Consolidating Credit Card Debt to Simplify Repayments
Repaying multiple credit card debts or loans can be a hassle for anyone that is not a professional accountant, but many tend to underestimate the challenges associated with balancing ongoing monthly bills and several debts that are accumulating interest at increasingly high rate. Because most cardholders are subjected to penalty interest rates after a late or missed payment, it is not uncommon for one to have two or more credit cards with outstanding debts that carry an APR of 20% or more. The key to escaping debt quickly, with a minimal amount of interest paid, is to consolidate the debts to centralize and simplify monthly repayments.
Using Balance Transfer Credit Cards
The best way to consolidate the balances of several credit cards to a single account is to utilize the benefits of a balance transfer credit card. Balance transfer cards are called so because they do not carry balance transfer fees, which can range from 2 to 5% of the total transaction amount each time a balance transfer is conducted. In addition, balance transfer credit cards often have 0% APR introductory periods, allowing the cardholder to begin making repayments towards their newly transferred balances without any interest charged. If you can manage to repay all of the transferred debts before the introductory rate expires, you may be able to avoid all future interest. Keep in mind that it may be difficult to receive approval for an ideal balance transfer credit card after your credit score has already been damaged, so it would be ideal if you already had an open balance transfer account to use.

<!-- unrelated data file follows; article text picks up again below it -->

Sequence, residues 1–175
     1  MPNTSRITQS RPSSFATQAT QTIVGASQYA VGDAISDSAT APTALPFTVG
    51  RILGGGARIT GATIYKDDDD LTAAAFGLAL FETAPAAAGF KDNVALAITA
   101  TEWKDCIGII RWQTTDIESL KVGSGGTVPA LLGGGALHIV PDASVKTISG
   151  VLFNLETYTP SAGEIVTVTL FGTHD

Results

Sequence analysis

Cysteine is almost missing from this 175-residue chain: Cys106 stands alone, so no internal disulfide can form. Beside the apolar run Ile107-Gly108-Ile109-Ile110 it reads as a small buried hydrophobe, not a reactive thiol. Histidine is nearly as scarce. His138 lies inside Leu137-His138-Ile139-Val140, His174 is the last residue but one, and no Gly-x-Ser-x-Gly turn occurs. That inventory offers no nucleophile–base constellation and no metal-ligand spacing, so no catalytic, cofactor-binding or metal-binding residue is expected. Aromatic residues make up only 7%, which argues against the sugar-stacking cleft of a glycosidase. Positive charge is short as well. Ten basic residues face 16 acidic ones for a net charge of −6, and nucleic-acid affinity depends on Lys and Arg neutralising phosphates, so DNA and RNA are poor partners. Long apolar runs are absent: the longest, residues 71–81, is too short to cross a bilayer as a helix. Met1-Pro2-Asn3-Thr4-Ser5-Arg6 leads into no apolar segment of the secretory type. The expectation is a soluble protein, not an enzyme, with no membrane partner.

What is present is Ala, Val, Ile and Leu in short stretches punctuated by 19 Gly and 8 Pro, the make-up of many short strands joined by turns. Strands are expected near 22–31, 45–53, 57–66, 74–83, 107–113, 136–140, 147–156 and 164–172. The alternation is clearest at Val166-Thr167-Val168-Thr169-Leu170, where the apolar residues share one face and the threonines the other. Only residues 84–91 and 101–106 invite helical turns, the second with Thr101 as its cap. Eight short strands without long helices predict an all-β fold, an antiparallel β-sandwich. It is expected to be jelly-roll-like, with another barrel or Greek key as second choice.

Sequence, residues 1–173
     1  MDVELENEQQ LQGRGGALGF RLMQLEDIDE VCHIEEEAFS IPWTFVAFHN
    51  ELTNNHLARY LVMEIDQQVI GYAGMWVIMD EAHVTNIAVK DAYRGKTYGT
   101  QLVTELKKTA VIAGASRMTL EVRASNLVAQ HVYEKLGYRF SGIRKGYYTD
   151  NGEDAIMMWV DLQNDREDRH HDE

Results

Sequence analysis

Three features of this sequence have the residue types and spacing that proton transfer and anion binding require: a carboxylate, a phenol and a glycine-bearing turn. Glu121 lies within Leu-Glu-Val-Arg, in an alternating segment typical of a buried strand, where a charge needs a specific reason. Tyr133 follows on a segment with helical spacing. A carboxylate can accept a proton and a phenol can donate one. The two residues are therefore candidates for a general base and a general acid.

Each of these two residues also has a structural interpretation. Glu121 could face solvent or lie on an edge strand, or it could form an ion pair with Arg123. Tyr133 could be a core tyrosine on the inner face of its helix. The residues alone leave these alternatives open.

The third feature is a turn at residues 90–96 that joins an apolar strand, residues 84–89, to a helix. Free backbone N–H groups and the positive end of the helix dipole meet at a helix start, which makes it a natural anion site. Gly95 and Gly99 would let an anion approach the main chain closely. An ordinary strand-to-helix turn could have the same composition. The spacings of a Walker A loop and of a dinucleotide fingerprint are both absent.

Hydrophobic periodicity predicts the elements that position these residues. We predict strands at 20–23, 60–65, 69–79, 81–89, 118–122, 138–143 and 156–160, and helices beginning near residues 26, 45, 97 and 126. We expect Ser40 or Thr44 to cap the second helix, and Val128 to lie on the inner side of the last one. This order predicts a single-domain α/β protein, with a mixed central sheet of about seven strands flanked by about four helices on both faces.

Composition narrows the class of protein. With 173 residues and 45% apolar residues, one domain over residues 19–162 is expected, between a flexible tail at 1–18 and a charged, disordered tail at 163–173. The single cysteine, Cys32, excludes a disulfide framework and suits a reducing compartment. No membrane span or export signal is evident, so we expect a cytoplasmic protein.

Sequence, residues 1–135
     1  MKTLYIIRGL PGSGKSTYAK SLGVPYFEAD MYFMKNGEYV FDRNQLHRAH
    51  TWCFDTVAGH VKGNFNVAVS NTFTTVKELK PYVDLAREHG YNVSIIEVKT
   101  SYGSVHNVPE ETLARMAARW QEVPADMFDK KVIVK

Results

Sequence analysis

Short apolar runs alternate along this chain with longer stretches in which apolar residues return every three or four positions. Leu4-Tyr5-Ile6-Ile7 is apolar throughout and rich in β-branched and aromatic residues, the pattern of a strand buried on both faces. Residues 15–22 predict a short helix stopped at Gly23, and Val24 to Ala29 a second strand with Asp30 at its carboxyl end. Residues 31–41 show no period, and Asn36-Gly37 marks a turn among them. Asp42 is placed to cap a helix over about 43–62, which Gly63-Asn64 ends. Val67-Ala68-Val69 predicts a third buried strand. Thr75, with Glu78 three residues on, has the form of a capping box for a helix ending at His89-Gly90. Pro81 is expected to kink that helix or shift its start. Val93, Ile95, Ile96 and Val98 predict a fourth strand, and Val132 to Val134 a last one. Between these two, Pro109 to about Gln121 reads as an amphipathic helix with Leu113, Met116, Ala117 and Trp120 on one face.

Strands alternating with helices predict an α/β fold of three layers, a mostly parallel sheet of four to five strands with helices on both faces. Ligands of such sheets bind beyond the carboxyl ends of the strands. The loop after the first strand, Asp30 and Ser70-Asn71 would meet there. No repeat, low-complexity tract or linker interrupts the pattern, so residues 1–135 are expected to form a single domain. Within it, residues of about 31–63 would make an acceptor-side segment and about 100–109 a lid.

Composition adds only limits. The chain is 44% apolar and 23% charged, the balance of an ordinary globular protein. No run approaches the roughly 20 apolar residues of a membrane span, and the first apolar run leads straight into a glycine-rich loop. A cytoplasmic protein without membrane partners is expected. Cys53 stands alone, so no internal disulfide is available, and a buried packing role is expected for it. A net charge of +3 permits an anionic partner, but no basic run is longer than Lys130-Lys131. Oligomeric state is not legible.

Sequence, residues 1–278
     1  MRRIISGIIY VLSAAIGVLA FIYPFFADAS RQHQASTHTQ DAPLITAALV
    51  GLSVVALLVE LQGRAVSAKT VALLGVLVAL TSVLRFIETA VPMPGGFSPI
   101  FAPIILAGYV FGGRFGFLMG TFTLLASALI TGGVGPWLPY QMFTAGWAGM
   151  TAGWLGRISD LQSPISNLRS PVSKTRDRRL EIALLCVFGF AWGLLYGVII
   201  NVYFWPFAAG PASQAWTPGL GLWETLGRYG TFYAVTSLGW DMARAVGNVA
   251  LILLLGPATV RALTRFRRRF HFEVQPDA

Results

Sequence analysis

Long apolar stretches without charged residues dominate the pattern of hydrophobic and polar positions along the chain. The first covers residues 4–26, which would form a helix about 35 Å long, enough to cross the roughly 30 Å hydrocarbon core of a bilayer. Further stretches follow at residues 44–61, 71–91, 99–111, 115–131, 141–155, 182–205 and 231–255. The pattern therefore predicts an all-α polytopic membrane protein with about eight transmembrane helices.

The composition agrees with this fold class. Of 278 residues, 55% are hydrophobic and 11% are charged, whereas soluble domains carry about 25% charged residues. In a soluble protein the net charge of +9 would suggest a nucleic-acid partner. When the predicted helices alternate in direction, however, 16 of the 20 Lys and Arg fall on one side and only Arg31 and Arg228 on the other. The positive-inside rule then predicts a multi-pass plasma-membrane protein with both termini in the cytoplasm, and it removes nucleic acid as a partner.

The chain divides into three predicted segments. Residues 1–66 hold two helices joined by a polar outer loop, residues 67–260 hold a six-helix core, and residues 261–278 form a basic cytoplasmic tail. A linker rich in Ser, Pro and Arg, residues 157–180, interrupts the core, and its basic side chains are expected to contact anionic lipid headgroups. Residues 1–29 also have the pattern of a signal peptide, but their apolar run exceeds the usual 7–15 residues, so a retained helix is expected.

Using Standard Credit Accounts
If you’re unable to obtain approval for a balance transfer credit card, it may still be beneficial to use standard credit account, depending on the cost of the balance transfer fees and how much interest could be saved,. For example – If you currently owe $600 on a credit card that is being charged 20% interest, and you have another credit card account that is currently incurring the introductory rate, yet has balance transfer fees of 2% of the transaction amount, it would still be advantageous to transfer the balance and consolidate the debt. On the other hand, if the card that is being charged 20% APR only has an outstanding balance of $300, and the balance transfer fee is 5% of the transaction amount per transaction, then it would not be beneficial to conduct the transfer. As a rule of thumb, as long as the account that is being used to centralize the debts carries a lower interest rate than all of the other accounts and does not have exuberant balance transfer fees, then it may be advisable to consolidate debts using that account.
Using Loans with Lower Interest Rates
In rare cases, it may be possible to obtain approval for a loan that carries lower interest rates than one or more of your current outstanding credit accounts. Unfortunately, once the credit score has been damaged it is often difficult, if not impossible, to find a lender that will approve you for a loan that has better terms and conditions than the credit cards that you are currently trying to repay. If you’re interested in using loans to consolidate credit card debts, it would be best to avoid those that have strict penalties such as payday loans, as these could be detrimental to your debt reduction efforts by causing more debt to accumulate. It may also be possible to find a close friend or family member that is willing to obtain or cosign for a better loan to help you consolidate your debts.